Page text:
Why being a virgin is newsworthy
U.S. Olympic hurdler's announcement of remaining a virgin until marriage IS big news
By Nicole D. Hayes
ABOVE PHOTO: Lolo Jones.
(Photo: KDSanders at en.wikipedia)
“Put out or move on”- so say the men who aren’t allowed in her pants. During an interview on HBO’s Real Sports with Mary Carillo, U.S. Olympic track and field hurdler Lori “Lolo” Jones, 29, candidly publicized that she has chosen to remain a virgin until marriage. A portion of that interview aired May 23 on NBC’s Today Show. The topic surfaced when Jones tweeted she could not keep a boyfriend because she doesn’t ‘put out’ for guys, so they move on. She doesn’t like to discuss her virginity but was tired of answering questions about why she’s single. Jones’s announcement garnered close to 100 comments of mixed viewpoints on MSNBC.com. Some supported her decision while others consider her virginity a waste of prime youth. Others were annoyed with her publicized virgin status and asked, “Why did she expose herself on such a personal level to receive public ridicule? Why is this news?”
I’ll tell you why it’s news.
Our society has treated sex as a vehicle to fill voids-rather than as a gift shared between married couples. Media and technological advances have amplified society’s glamorization of sex with anyone, in any form and glorifies those who encourage it. Clean Cut Media, an online site that measures media’s influence on world behaviors, reported in 2009 that seven in 10 girls believe they don’t measure up in looks. The sexualization in advertisements equates physical attractiveness with “being sexy,” which many girls strive toward for acceptance. Seeking acceptance and love in this way has cost teens, parents, families and society too much.
Few discuss the brokenness that comes from sharing this gift too soon with the wrong people. Today’s youth are challenged daily by what’s ‘normal’ in relationships, and living as healthy, productive, sexual beings. Our society values adultery, pornography, swinging and everything in between-but a woman who wants to wait to have sex until she marries the right man, forsaking all fools, is considered abnormal. Jones’s news of remaining a virgin until marriage sparks hope along a pathway of collateral damage that sex outside of marriage has left in our midst-damage like those whose choice of virginity was stolen by someone seeking to satisfy a selfish need.
I’m taking a stand.
Like Jones, I don’t discuss it either; it makes me blush. That at 37, I am a virgin-by choice. This June I will be 38, unmarried, a virgin and possibly on track to filming my own version of 40 Year Old Virgin. If that’s God’s will for my life, then I will stay the course.
I am an attractive, intelligent, Christian Black woman who is a business owner, physically fit, no drama, who by all accounts should be engaging in the multiple offers and gestures for sex I have received from men. I’ve been tempted to “give it up.” While not an easy journey, I’ve turned over the treacherous navigation through temptations and slick pick up lines over to a man named Jesus. If not for Him, I would have already succumbed to the pressures.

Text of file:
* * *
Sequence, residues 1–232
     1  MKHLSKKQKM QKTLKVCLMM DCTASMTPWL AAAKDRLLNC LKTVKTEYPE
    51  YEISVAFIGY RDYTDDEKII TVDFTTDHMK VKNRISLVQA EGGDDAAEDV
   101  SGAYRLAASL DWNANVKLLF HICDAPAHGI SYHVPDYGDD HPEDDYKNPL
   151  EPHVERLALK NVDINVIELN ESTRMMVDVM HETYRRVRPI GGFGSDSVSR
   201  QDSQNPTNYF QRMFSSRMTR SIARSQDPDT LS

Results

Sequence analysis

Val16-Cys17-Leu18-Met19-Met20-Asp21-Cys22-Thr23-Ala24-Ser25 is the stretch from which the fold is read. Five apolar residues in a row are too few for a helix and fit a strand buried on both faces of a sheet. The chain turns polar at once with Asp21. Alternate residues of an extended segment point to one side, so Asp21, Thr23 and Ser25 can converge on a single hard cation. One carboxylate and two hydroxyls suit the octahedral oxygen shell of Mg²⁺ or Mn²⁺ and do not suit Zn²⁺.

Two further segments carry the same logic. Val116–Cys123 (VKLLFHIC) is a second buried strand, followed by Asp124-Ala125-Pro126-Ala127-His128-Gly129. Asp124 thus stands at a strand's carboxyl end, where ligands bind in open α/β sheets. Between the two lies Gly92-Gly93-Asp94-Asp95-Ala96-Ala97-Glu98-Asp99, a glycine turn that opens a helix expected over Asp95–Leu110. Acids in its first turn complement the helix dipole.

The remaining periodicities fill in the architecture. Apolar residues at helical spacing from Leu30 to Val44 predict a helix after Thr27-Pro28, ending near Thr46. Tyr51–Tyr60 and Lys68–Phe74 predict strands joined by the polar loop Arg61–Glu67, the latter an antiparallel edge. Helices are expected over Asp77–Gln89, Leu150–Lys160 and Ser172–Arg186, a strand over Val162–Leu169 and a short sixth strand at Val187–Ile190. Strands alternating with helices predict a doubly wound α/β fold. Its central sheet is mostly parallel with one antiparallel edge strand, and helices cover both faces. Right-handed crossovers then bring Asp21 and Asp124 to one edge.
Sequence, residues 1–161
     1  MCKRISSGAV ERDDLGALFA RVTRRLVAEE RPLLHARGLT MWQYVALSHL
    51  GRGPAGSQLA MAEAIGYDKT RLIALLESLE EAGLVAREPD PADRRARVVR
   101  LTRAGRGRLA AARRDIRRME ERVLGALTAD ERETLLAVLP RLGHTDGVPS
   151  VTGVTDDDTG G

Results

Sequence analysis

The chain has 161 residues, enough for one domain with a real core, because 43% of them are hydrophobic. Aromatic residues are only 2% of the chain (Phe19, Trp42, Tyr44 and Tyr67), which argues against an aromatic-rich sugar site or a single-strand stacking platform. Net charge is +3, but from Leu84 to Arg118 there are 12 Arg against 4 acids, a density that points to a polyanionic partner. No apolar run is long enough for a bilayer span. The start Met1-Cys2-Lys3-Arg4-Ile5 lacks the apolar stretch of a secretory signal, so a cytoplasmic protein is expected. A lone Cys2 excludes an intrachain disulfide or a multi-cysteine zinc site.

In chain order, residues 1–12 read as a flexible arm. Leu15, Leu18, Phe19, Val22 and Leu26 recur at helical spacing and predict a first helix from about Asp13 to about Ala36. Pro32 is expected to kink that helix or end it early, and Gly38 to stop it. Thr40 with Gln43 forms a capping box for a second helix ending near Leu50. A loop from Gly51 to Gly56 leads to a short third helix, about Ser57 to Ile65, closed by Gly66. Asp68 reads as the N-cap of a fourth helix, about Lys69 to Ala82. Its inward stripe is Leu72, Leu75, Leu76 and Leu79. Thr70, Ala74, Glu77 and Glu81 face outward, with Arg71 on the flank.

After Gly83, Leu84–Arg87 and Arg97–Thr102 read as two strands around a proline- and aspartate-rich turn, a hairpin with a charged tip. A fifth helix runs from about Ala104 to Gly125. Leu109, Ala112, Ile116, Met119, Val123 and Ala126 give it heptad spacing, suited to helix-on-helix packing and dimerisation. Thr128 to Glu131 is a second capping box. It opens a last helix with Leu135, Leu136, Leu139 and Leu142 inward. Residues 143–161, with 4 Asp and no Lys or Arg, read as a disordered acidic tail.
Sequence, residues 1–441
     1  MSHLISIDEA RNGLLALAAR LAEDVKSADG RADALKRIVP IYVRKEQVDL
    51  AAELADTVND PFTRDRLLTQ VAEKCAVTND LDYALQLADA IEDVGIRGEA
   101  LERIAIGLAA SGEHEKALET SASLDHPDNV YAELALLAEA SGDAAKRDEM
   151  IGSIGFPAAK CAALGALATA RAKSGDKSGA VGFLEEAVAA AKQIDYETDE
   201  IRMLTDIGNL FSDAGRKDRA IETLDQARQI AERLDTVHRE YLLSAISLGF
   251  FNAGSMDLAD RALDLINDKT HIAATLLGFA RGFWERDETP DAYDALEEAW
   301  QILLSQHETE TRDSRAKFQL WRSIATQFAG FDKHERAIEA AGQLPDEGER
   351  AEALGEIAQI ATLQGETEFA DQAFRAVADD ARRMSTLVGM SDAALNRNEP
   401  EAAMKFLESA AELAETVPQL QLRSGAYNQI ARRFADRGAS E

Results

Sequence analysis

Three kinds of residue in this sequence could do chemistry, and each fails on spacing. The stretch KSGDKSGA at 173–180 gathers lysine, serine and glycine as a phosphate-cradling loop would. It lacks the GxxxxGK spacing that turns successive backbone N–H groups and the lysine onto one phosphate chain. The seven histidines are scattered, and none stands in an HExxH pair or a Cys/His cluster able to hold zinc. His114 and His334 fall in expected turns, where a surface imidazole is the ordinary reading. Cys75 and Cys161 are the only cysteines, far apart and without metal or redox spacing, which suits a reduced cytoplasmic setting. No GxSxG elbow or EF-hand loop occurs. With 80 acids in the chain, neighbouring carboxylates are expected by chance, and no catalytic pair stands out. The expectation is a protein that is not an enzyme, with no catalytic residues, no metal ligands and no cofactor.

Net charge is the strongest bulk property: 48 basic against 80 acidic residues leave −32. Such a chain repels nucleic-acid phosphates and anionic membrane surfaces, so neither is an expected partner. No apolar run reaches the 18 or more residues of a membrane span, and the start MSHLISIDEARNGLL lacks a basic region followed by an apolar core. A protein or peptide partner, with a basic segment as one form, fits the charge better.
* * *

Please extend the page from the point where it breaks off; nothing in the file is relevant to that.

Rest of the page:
Mom and dad (particularly mom) were also significant in framing my view about sex, and its intended purpose. Mom was the only parent of my sixth grade class to attend the school’s sex maturation film showed. I was mortified then but later, very proud. She cared about my understanding of sex and the information being fed.
Last, I’m not “down with O.P.P.” (You know the song-Other People’s Property). My body is private; not public. Psalm 139:13-14 says, “For you created my inmost being; you knit me together in my mother’s womb. I praise you because I am fearfully and wonderfully made; your works are wonderful, I that full well.” (New International Version). My gift is not for sharing with multiple people. Like Jones, I desire to share my gift with my future husband and him only. I know God created sex for procreation and our enjoyment-within the confines of marriage.
Jones bravely sharing her message relieved me. I often fit like a square peg in a round hole in a world that says “It’s your thang-do what you wanna do.” Her stance is encouraging to virgins and to those previously sexually active now living celibate until marriage (or remarriage) like Shirley P. Auguste shares in her book, Bad Girl Gone Good (Crossbooks Publishing, 2009). Women and men who know their worth don’t question such choices.
Lolo, with nine more years than you on this journey, I can say it gets easier. The tricks aren’t worth the trade. As a seasoned and trained athlete, you know mental preparation is necessary to overcome all challenges. From there, the body will respond as the mind directs. Keep your mind rooted in God to succeed in this and all areas.
Lolo, thank you for sharing your message with us. As you compete for gold in the London Games this summer, Run on Lolo, run on! And stay the course!
Nicole D. Hayes desires that girls understand their worth and know their identity and leads programs that engage girls and women to become positive change agents regardless of societal pressure. Nicole is also the co-founder of Pieces of Life, LLC a Washington, D.C.-based media relations consultancy operating with a company and personal mantra of “making an investment in people.”
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